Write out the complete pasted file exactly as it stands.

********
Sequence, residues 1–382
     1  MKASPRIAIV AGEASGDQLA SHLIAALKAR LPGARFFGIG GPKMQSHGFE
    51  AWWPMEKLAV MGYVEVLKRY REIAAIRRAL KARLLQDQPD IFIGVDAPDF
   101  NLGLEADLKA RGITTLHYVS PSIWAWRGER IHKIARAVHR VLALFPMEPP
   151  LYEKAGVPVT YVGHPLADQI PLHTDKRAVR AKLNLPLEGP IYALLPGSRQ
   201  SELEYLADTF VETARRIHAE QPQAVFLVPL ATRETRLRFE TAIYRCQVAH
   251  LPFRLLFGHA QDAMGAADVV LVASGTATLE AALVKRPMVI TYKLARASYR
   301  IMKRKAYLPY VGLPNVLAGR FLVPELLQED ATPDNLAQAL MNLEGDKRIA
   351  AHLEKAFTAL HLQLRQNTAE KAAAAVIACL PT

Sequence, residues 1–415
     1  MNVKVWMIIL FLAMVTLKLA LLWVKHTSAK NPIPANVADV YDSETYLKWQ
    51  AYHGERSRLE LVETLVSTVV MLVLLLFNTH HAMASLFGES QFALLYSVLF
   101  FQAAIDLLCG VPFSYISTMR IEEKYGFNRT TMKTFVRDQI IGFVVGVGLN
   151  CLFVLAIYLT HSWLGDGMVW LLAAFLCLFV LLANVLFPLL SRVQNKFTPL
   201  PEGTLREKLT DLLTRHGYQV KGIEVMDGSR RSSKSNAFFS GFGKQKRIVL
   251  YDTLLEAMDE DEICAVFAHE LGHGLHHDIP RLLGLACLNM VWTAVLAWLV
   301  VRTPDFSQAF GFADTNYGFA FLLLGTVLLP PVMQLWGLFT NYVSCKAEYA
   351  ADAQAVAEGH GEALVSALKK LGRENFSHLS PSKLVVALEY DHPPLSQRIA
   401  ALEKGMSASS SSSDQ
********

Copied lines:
Sequence, residues 1–382
     1  MKASPRIAIV AGEASGDQLA SHLIAALKAR LPGARFFGIG GPKMQSHGFE
    51  AWWPMEKLAV MGYVEVLKRY REIAAIRRAL KARLLQDQPD IFIGVDAPDF
   101  NLGLEADLKA RGITTLHYVS PSIWAWRGER IHKIARAVHR VLALFPMEPP
   151  LYEKAGVPVT YVGHPLADQI PLHTDKRAVR AKLNLPLEGP IYALLPGSRQ
   201  SELEYLADTF VETARRIHAE QPQAVFLVPL ATRETRLRFE TAIYRCQVAH
   251  LPFRLLFGHA QDAMGAADVV LVASGTATLE AALVKRPMVI TYKLARASYR
   301  IMKRKAYLPY VGLPNVLAGR FLVPELLQED ATPDNLAQAL MNLEGDKRIA
   351  AHLEKAFTAL HLQLRQNTAE KAAAAVIACL PT

Sequence, residues 1–415
     1  MNVKVWMIIL FLAMVTLKLA LLWVKHTSAK NPIPANVADV YDSETYLKWQ
    51  AYHGERSRLE LVETLVSTVV MLVLLLFNTH HAMASLFGES QFALLYSVLF
   101  FQAAIDLLCG VPFSYISTMR IEEKYGFNRT TMKTFVRDQI IGFVVGVGLN
   151  CLFVLAIYLT HSWLGDGMVW LLAAFLCLFV LLANVLFPLL SRVQNKFTPL
   201  PEGTLREKLT DLLTRHGYQV KGIEVMDGSR RSSKSNAFFS GFGKQKRIVL
   251  YDTLLEAMDE DEICAVFAHE LGHGLHHDIP RLLGLACLNM VWTAVLAWLV
   301  VRTPDFSQAF GFADTNYGFA FLLLGTVLLP PVMQLWGLFT NYVSCKAEYA
   351  ADAQAVAEGH GEALVSALKK LGRENFSHLS PSKLVVALEY DHPPLSQRIA
   401  ALEKGMSASS SSSDQ